# Teaching math by serving it as games with rules first, not intuition?

Just now I'm thinking a crazy reversed idea: Is it good to teach math to elementary students without starting from its real world motivation or making it intuitive first, but rather by realizing that it is a game with some rules which revealed later to have real uses?

I am thinking that if we start with the intuitive ideas of some concepts, then we are required to make almost every concept we introduce intuitive..which is not quite obvious for a lot of students. Thus, sometimes we have to skip introducing some concepts intuitively, but we still introduce only some easily intuitive concepts. Doesn't this affect students' motivation, making them ask: "I can't grasp this. What's the real world example?" when there is not an easy connection..

I mean, since math is abstract, although many ideas in it are intuitive, (many are not)..if we start by introducing a concept as a game with rules and students have to master this game, how would this impact the learning process?

Example: When teacher teach about fraction, they usually start with dividing cake or pizza or something, and then put it in the mathematical notation of fraction that we know well. I used to (and probably still) think this is a reasonably good way to teach math. However, as implied in my question, can the teacher not start with this real world motivation, but instead start immediately by introducing the notation for fraction, and give some of the rules of summing, multiplying, etc, and the challenge for the students is to apply this rule..which sounds pretty much like playing a game of fraction?

Hence, I don't mean that we use games when teaching math, but I mean math itself is made as collection of games. Then, at some point, the teacher relates that fraction to real world uses, if any,..such as dividing pizza, etc.

I don't assume this idea is new. In fact, I ask whether some have considered this method or not. I just think that this way, students won't rely too much on real world uses of math before studying it, hence not being overly dependent on that..since some math concepts such as negative times negative, or even the whole integers, or square root, or even some geometrical objects, are quite abstract in the minds of elementary students, right?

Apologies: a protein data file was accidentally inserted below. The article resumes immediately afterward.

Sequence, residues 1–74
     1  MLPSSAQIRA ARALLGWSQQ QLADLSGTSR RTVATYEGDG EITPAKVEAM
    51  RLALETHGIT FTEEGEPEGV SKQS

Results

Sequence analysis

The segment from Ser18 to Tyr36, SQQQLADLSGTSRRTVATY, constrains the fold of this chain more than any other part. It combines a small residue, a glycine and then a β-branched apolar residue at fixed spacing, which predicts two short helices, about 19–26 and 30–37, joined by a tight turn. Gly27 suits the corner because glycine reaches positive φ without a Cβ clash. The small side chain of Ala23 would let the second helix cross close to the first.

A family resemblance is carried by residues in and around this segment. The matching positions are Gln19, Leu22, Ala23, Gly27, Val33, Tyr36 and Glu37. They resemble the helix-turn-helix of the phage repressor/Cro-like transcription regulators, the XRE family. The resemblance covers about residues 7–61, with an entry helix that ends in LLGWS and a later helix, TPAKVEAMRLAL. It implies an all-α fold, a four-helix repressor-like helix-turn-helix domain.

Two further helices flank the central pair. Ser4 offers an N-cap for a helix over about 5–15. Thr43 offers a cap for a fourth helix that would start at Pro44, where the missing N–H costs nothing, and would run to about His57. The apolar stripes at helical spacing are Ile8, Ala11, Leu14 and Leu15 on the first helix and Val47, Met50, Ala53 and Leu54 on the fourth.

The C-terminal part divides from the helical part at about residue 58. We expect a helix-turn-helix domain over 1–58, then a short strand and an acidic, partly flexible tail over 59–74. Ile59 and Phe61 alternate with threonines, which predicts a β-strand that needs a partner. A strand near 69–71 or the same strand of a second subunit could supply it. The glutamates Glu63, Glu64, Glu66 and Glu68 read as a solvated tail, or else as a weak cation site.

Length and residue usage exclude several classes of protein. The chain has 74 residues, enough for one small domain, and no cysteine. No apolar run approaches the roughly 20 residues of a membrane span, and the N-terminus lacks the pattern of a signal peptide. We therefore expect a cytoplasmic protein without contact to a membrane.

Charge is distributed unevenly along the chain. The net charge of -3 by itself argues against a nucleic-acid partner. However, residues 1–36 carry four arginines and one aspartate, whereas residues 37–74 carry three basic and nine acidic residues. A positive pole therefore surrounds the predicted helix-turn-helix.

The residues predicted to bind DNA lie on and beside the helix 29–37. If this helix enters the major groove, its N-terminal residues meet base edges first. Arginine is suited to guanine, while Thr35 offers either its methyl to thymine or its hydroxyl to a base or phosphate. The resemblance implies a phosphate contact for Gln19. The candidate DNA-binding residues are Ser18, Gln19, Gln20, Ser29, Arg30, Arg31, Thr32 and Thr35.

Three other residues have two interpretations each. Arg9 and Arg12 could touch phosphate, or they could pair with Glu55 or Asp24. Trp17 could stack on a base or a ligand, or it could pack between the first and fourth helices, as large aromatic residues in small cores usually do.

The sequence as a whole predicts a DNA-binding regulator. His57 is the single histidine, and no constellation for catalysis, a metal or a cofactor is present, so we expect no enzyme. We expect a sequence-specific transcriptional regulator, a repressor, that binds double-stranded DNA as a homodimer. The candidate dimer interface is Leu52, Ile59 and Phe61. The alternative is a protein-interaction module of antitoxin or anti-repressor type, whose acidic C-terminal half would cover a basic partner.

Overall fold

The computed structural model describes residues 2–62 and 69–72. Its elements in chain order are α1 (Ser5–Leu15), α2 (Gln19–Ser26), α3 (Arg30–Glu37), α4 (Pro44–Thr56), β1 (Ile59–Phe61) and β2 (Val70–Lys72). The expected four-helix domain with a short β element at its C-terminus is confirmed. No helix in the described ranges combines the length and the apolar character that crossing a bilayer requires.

I am asking this only relating to elementary math, not higher math, since I know the higher we go, we have motivation before abstraction..and at some point math students will learn that..but can we start by giving "the rules of the game" and "play" for elementary students..

• It seems that you are thinking of the philosophy of mathematics called formalism. – Joel Reyes Noche Sep 22 '18 at 7:11
• Very broad and open question. Also seems to be a little implication that this is a new idea to the world, when it is just a new idea for the questioner. FWIW, I think there is a place for play in learning math but that it should not be the only method (you don't learn music or a sport by scrimmaging and play only). Also agree that application justification is probably lost on young children. Probably "you need to learn this for the next subject" has more justification than "you need to learn this to get a good job". That said, lower level math has clear application with personal finance. – guest Sep 22 '18 at 22:13
• @Joel I indeed mean to relate this to formalism. – bms Sep 23 '18 at 3:37
• @guest I do not think this idea is new at all. That is also part of the question, which can mean to ask whether this idea in my head has been there or not. I will add examples to my question by editing. – bms Sep 23 '18 at 3:39
• I was taught much formal math in physics courses. The "real world" intuition was manifest, yet the actual math in play was usually obscured through a mixture of inattention to detail and/or adherence to antiquated notation. For kids learning arithmetic, I think you have a point. Formal games are easier to teach and we have more teachers who can teach a game than can explain a full system of mathematics where the proper reasoning behind various operations is fully communicated. So much we see in social media amounts to teachers now teaching motivating things as unmotivated games. – James S. Cook Sep 23 '18 at 18:57

You may be overestimating how much students learn from symbolic rules. Most textbooks already teach symbolic rules first then put word problems last. This is backasswards.

Most students succeed at exercises such as:

Compute the exact missing value. $$\frac{7}{9}\times39=\_\_\_$$

But, if you do not show them that prior question and instead begin with this, most students bomb horribly: